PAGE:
In this symposium we present studies that have explored various aspects of reading habits and attitudes amongst children at various stages of their school lives.
In studying reading habits and attitudes we explore features of how schools have sought to provide environments which foster positive attitudes to reading.
“Typically, when you read, you have more time to think.
Reading gives you a unique pause button for comprehension and insight.
But to arrest the decline in the reading habit it would take much more than an appeal from the First Lady.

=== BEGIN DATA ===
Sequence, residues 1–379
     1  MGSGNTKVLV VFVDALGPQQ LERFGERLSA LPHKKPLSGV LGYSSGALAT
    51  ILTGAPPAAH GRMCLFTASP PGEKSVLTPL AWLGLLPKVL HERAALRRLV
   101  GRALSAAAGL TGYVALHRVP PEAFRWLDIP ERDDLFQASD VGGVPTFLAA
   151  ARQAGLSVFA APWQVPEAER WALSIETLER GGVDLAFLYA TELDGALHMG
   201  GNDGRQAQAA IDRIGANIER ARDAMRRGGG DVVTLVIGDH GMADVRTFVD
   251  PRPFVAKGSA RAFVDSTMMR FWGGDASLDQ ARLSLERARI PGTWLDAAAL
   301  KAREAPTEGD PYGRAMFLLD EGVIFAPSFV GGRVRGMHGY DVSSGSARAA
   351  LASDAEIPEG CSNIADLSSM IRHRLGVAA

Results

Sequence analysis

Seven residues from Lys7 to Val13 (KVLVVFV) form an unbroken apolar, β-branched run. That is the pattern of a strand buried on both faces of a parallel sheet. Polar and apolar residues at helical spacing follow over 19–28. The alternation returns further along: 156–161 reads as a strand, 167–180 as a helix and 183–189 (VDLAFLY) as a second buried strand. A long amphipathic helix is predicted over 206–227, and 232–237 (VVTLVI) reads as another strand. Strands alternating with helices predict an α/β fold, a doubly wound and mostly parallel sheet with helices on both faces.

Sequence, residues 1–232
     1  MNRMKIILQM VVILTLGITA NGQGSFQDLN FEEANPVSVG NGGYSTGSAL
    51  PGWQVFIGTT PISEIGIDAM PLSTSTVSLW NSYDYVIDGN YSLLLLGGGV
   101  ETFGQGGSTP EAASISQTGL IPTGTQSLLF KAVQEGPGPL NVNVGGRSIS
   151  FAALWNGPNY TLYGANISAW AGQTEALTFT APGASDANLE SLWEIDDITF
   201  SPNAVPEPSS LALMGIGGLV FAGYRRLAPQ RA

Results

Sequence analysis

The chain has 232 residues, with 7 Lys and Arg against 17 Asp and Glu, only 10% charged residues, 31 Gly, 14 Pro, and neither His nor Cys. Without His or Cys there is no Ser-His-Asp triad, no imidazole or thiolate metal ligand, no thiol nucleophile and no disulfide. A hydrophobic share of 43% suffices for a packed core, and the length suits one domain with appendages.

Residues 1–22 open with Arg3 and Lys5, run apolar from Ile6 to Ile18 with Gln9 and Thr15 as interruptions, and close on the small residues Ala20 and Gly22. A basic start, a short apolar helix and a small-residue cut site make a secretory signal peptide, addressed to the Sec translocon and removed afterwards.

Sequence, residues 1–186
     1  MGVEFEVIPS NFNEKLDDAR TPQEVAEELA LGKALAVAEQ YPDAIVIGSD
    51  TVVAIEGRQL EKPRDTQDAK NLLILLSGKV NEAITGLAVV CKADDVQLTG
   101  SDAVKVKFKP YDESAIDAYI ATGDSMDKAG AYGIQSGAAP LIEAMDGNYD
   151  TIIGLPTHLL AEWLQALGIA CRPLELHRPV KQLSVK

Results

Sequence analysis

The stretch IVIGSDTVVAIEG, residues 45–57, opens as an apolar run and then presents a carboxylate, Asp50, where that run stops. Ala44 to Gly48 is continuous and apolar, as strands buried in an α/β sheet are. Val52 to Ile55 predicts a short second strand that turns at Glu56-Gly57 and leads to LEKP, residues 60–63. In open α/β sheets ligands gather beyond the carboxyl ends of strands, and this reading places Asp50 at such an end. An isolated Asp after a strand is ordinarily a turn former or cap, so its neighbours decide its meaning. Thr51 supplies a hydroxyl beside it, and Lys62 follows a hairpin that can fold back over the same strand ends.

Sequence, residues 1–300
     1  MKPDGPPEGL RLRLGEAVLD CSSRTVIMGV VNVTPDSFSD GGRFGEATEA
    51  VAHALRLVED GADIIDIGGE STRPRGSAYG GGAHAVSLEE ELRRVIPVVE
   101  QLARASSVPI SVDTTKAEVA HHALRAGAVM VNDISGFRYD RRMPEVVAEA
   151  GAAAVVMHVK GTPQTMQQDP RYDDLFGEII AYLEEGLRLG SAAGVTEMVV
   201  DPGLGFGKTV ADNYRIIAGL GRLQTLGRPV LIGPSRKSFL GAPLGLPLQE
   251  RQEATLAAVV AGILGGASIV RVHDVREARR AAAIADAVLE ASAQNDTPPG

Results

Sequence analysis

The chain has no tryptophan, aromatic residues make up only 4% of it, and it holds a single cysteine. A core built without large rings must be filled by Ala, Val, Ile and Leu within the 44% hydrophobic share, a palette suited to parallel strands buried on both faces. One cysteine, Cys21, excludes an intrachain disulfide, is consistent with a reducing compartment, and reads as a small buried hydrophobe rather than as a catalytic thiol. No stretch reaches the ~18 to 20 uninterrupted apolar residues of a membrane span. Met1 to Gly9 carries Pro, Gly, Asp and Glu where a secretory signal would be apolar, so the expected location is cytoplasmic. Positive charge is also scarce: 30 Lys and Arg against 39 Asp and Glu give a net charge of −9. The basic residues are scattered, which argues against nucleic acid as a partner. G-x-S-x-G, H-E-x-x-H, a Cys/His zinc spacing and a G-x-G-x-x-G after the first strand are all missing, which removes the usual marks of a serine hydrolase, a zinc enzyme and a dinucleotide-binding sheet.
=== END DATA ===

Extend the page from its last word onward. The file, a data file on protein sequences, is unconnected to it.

Instead, it would need the collective effort of society including that of parents, teachers, community leaders as well as the re-orienting of children and students which in today’s context of rapid growth of electronic technology certainly will be a herculean task.In turn, this may influence students’ intrinsic reading motivation.The study’s purpose was to qualitatively explore media specialists’ strategies to promote students’ reading motivation.Furthermore, regression analyses revealed different patterns of predictors of text writing for boys than girls, with print exposure (particularly to magazines) and attitudes to print accounting for additional unique variance in boys’ but not girls’ text writing.Conclusions: Boys reported less positive attitudes and less engagement with print than girls, and these factors were significant unique predictors of their writing ability.By and large, with oral language — when you watch a film or listen to a tape — you don’t press pause.”A literate mind is a more complex one.“There’s a richness that reading gives you,” Wolf says, “an opportunity to probe more than any other medium I know of.This suggests that increasing boys’ motivation to engage with print may provide a mechanism for raising educational outcomes through raising attainment in writing.Purpose: School library media specialists’ roles are often fluid, and individual media specialists may choose to enact their role very differently.In light of current concerns about attainment levels, particularly for boys, the current project sought to explore the role not just of foundation writing skills but also of attitudes to and engagement with print in pupils’ text composition.Method: 58 boys and 38 girls attending Year 7 (mean age: 12.42 years; SD 0.40) of a UK secondary school participated.